Tidbits for Clarinet and Bass Clarinet - (2023)
in memory of Abraham A. Schwadron
This duet for clarinet and bass clarinet takes two themes and weaves them together.
The first is a so-called "pioneer" or Israeli melody, Anu banu Artza. Of this song, one reads: "...the early modern pioneers (halutzim) were themselves relocated Jews hailing predominantly from Eastern Europe. These early settlers came to find a homeland and a refuge for Jews who had suffered persecution throughout the Diaspora. They sang a spirited anthem in which they asserted, 'Anu banu artza, livnot u-l’hibanot ba. We have come to our land to build and to be rebuilt in it'." In "Zionism, Israel, and Refugees," by Karen Feit, Hadassah, 30 April 2018.
The second is taken from a recording of Chad Gadya in Aramaic, from circa 15th-16th c, central Eastern Europe. The liner notes from Folkways Records FR 8920, Chad Gagya [One Kid] sources a melody to Tarnapol, Galicia (Poland) "learned from the singer's father, a devout Reader of the Law. The mode, intensive interpretation and embellished style show preference for older, Oriental practices." The singer on that cut of the album, as noted in the liner notes, was Abraham A. Schwadron [ 1 ] (1925-1987). He was, as a UCLA tribute mentions, a "musician, composer-arranger, scholar, and educator" but also one of my teachers at UCLA in the mid-1980s. I had, read and re-read his book, Aesthetics: Dimensions for Music Education (1967) until it quite fell apart.
The first example on his album was indeed sung by him, and so I notated bits and combined them with the first melody above as source materials for this duet for clarinet and bass clarinet. Additionally, as to the clarinet, one reads also: "...Schwadron learned to play the clarinet from a friend who had taken lessons and played with a pickup band during World War II Marine Corps service." In "Music Professor Abraham A. Schwadron Dies," LA Times Archives, 24 September, 1987. He was a mere 61 years old, alas. For his death, and at my return to graduate studies at UCLA, I opted out of the music education pathway, and into composition and music theory.
3 pages, circa 3' 30" - an MP3 demo is here:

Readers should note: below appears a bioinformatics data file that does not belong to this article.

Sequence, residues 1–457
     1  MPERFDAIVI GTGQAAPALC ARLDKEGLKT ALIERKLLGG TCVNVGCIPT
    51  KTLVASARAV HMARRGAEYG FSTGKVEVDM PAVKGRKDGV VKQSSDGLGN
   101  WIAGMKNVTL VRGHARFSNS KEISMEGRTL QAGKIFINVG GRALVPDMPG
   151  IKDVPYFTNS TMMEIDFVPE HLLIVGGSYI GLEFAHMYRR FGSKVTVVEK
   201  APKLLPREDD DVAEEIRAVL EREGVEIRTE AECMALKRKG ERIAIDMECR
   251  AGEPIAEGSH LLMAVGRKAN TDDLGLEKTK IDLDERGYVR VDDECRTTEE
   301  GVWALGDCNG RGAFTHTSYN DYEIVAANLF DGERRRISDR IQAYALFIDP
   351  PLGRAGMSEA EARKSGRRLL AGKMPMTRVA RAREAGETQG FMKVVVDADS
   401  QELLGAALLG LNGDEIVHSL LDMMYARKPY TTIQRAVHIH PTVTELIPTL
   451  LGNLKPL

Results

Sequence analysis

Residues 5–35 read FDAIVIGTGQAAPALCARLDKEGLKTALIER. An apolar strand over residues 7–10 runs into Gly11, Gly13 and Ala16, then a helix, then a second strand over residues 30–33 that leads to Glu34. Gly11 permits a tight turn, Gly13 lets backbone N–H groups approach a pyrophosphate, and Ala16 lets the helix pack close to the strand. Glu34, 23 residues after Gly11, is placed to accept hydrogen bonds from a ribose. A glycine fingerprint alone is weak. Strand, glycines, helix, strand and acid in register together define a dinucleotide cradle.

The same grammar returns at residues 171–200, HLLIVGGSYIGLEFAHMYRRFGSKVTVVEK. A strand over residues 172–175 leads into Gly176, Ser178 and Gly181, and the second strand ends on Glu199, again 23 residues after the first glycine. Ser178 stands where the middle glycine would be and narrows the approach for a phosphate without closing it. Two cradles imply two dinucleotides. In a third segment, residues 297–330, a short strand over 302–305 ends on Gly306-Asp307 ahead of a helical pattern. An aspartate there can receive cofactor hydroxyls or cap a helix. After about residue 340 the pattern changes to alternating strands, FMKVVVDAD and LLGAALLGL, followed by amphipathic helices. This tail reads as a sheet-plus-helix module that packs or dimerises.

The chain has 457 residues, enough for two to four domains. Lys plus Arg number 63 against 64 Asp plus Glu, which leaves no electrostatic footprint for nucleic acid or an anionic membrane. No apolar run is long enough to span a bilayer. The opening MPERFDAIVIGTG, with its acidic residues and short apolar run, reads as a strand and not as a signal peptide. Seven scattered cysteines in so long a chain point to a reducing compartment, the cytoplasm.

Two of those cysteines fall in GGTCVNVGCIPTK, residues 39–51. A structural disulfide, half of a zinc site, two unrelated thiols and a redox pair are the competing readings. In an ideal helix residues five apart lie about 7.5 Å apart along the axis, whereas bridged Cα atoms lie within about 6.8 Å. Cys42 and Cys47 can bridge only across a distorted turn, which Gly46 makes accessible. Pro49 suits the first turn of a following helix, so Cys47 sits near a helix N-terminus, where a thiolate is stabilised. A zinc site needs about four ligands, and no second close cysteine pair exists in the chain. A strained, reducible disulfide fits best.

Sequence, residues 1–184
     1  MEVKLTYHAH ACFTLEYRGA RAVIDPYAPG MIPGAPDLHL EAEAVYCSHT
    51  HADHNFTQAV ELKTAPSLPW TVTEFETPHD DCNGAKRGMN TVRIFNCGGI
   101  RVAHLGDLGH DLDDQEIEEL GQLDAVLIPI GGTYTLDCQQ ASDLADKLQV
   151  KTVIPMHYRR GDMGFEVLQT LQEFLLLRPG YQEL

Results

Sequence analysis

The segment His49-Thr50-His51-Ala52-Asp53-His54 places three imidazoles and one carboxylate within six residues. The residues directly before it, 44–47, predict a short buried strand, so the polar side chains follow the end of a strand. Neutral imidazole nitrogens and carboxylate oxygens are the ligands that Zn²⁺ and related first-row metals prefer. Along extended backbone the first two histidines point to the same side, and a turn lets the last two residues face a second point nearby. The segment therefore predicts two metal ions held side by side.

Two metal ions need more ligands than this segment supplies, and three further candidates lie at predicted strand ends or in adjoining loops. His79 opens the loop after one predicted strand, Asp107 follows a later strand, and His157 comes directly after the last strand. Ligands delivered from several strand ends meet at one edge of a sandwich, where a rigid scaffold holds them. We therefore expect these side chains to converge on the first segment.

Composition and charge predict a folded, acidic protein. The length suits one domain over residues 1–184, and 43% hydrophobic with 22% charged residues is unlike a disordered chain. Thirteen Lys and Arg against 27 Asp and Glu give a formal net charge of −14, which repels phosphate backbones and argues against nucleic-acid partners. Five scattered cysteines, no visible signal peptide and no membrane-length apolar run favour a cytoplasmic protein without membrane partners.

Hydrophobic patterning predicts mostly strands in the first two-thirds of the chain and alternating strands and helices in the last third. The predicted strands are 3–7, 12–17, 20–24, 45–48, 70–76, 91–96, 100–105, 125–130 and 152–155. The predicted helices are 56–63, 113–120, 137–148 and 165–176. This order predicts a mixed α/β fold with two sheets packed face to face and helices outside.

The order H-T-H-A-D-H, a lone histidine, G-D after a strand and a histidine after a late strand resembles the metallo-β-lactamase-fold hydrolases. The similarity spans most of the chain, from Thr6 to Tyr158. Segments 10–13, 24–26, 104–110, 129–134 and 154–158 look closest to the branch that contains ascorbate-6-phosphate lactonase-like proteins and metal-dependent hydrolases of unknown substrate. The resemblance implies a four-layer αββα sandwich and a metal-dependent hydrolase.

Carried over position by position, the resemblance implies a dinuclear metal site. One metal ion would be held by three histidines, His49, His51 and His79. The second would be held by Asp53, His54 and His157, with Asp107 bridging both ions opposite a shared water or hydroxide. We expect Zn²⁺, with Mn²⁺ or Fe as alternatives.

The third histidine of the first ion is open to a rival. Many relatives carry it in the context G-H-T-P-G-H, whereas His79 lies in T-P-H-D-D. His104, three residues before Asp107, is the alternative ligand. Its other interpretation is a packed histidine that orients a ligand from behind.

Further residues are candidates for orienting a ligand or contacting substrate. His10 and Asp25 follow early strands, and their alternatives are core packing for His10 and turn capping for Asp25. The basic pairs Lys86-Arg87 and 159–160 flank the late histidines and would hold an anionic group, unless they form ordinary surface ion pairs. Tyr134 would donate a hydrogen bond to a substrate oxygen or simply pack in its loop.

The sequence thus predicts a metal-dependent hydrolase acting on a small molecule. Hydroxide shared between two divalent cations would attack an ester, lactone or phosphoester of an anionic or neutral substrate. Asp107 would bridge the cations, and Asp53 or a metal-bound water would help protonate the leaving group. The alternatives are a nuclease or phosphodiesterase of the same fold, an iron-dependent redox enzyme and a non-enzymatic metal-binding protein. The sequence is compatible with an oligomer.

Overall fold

The score is available as a free PDF download, though any major commercial performance or recording of the work is prohibited without prior arrangement with the composer. Click on the graphic below for this score.
Tidbits for Clarinet and Bass Clarinet
[ 1 ] Of Professor Schwadron, one reads: "His son, Terry, remarked at the Third International Philosophy of Music Education Symposium held at UCLA: [My] dad's most enduring lesson [was] that the question is more important than the answer. His teaching method was something the family called 'probing,' and while it was difficult to find oneself being pushed to probe, the deductions and intuitive responses he forced were long-lasting and important to students of all ages." In "The Philosophical Legacy of Abraham A. Schwadron," by Anthony J. Palmer, Philosophy of Music Education Review, Vol. 6, No. 1 (Spring, 1998).
Of the recording (and his sung performance, as I have that recording), one reads also: "...he pursued research on 'Chad Gad Yo,' an allegorical song used in the Passover service. Changing over time to reflect the movement of Jews through various cultures, numerous versions appeared of which Abe collected over 200. The analysis of these songs formed a principal interest in his last years. Twenty-five of his recorded versions--collected from the U.S., England, The Netherlands, and Italy--were issued on the Ethnic Folkways label." In "1989, University of California: In Memoriam," by Sue DeVale, Anthony Palmer, and Maureen Hooper, UCLA University Archives, 1989.